4) The unique oneness and unity of the Church will never be lacking.
5) By apostolic succession, there is an historical continuity between the Church founded by Christ and the Catholic Church which is the single Church of Christ, entrusted to Peter’s pastoral care.
6) This single Church of Christ subsists in the Catholic Church, governed by the Successor of Peter and by the Bishops in communion with him.
7) The Church of Christ, despite the divisions which exist among Christians, continues to exist fully only in the Catholic Church.
8) Ecclesial communities which have not preserved the valid Episcopate and the genuine and integral substance of the Eucharistic mystery are not Churches in the proper sense.
9) Separated Churches and communities have significance and importance in the mystery of salvation. Although suffering from defects, the Spirit of Christ has used them as a means of salvation since they have many elements of sanctification and truth.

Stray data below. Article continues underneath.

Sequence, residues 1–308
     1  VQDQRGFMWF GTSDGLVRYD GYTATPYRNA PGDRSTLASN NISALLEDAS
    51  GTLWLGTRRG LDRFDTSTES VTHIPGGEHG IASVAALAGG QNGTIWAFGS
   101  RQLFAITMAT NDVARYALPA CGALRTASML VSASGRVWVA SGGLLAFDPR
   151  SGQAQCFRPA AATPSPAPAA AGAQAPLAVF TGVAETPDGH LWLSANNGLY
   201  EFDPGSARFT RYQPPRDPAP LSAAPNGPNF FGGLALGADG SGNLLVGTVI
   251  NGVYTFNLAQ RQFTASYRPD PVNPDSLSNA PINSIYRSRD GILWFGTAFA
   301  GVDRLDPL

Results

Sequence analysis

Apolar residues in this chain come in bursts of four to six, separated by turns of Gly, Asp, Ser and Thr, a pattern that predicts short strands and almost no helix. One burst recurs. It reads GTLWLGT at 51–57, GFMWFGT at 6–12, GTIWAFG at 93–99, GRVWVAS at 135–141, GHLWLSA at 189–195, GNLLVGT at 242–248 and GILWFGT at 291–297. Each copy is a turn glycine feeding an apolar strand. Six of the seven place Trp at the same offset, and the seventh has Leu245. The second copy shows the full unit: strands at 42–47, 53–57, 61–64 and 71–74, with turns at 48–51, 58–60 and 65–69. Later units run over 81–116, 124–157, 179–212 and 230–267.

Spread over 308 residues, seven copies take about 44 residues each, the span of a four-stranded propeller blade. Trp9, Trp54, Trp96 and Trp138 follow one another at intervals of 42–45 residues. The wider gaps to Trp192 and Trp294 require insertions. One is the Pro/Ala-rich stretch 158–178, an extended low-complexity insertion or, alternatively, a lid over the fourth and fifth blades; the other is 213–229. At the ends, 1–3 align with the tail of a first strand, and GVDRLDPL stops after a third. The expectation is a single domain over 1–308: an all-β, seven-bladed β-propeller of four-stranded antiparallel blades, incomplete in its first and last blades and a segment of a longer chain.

An unfortunate document, problematic and an embarrassment?

In an interview published on September 22, 2000, the future Pope Benedict reminded objectors, “The truth is always disturbing and never easy. Jesus’ words are often terribly hard and expressed without much diplomatic subtlety.”

He also told the story of meeting two men who approached him and said, “We are missionaries in Africa. How long we have waited for those words!”

An unfortunate document, problematic and an embarrassment?
No, not now, not ever.

This document declares the Lord Jesus Christ, the only savior of the world.  This document reminds readers that God’s single Church of Christ subsists in the Catholic Church: the only one of its kind.

Next and last article: “The Mission is not complete, woe to me if I do not preach the Gospel!”


March 10th, 2013, Promulgated by Dominick Anthony Zarcone


To further appreciate DOMINUS IESUS, it is helpful to be certain about what the Declaration did not declare.

The CDF’s 2000 Declaration did not state:

  • Non-Christians are going to hell unless they become Catholic.